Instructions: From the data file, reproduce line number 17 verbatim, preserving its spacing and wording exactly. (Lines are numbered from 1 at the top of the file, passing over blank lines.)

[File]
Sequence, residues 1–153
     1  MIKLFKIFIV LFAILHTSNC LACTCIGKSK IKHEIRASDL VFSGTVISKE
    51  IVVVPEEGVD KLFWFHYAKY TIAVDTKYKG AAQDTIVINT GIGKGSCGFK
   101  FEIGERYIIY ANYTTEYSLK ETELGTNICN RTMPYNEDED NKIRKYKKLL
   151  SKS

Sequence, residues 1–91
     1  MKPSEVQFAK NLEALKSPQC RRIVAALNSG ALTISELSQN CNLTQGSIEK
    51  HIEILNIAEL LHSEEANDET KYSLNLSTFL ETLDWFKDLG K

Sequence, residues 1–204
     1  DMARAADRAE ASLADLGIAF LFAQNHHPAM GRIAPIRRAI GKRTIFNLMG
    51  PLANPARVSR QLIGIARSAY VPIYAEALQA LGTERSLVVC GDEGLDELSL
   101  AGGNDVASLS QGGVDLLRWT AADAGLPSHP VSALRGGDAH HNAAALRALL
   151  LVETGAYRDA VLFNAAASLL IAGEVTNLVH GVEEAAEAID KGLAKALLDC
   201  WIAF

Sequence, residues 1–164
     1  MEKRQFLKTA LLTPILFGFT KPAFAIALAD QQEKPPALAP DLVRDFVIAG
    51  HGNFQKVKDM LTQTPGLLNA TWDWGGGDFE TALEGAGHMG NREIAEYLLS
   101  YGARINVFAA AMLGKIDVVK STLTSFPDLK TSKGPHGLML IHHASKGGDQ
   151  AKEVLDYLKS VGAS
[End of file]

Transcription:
    51  HGNFQKVKDM LTQTPGLLNA TWDWGGGDFE TALEGAGHMG NREIAEYLLS